What follows is advice from experts on how leaders, and their support staff, can hone their skills as top-flight media darlings and arm themselves with tools to avoid common pitfalls.
Choose the star
As a first step, every company should have a very senior person—ideally the CEO—who is ready to talk about the company. The media is not going to be happy with an external spokesperson or a PR person, say the experts. “If the CEO is not the right person, you should be cultivating someone very high up. It is essential now. They want it from the horse’s mouth, from the key leaders,” says broadcaster and consultant Jane Hawtin, former host of the TV show Jane Hawtin Live. She’s now president of Toronto-based Amberlight Productions Inc., a media training company.
Have a story to tell
If you are the chosen one, you need to have a story to tell and find outlets to tell it effectively—not only to the media, but also stakeholders, investors and the public. “In the past, you could keep your head down and hope for the best. I can’t think of very many companies where that’s good,” says Hawtin. “Any company that deals with consumers at some level can’t continue to just do business,” she adds.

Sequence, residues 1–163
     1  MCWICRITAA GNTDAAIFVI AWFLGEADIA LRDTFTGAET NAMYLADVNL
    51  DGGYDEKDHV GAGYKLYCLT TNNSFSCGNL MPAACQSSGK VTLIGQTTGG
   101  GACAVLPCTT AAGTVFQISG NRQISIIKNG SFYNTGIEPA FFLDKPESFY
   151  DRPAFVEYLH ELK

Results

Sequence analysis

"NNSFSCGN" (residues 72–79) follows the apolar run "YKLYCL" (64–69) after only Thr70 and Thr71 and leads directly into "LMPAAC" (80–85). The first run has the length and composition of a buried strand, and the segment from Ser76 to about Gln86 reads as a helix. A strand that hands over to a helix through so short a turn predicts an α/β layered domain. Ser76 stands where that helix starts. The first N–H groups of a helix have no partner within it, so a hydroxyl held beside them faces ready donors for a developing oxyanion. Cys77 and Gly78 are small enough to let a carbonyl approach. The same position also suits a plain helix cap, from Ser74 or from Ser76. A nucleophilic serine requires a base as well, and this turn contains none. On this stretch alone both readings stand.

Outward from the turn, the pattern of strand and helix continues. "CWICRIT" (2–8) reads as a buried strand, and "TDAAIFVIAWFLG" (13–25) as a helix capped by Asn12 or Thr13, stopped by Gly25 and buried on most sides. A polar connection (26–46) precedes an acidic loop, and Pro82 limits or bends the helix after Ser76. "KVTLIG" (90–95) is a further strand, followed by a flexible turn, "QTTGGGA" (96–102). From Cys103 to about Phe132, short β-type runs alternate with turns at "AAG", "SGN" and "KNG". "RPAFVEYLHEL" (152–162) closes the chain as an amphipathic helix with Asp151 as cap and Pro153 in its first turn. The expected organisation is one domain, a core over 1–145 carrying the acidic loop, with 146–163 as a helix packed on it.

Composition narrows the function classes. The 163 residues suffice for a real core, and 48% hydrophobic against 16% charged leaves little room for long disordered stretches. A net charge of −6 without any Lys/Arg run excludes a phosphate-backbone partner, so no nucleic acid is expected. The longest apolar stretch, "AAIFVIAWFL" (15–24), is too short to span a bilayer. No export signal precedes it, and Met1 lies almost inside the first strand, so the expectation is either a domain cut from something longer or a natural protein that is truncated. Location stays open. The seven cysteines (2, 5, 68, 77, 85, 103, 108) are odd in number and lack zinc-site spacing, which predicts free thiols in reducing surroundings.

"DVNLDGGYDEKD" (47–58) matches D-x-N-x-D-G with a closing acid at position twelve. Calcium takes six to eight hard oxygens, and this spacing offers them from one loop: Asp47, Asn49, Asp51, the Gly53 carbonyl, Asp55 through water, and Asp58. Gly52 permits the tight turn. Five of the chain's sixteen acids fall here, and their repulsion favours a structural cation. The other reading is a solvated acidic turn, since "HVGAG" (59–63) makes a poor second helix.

Two CEOs who have emerged as great stars on behalf of their companies, she says, are Michael McCain from Maple Leaf Foods—for his honesty and humility in the aftermath of the listeria contamination disaster that killed 23 people—and Galen Weston Jr., executive chairman at Loblaw Cos. Ltd.— for being seen as a regular good guy in his role as the public face of Canada’s largest grocery empire.
Prepare for ambush
As a general rule never, ever underestimate the press, say both Hawtin and Ansell. The media has the power to take out of context snippets of your finely crafted message and to cajole you to say the wrong things. “The media is manipulative, scheming and conniving,” says Ansell. “Concerned with finding the story and finding it first, reporters have little reluctance in asking antagonistic or intentionally misleading questions. If necessary, they’ll resort to embarrassing silences, dogged questioning and ambush tactics in order to secure the quotes they need.” For instance, a reporter might say something like, “you’re going to drive this company into the ground,” just to see what your reaction is going to be. “An untrained CEO might hold his or her breath and get angry,” says Ansell.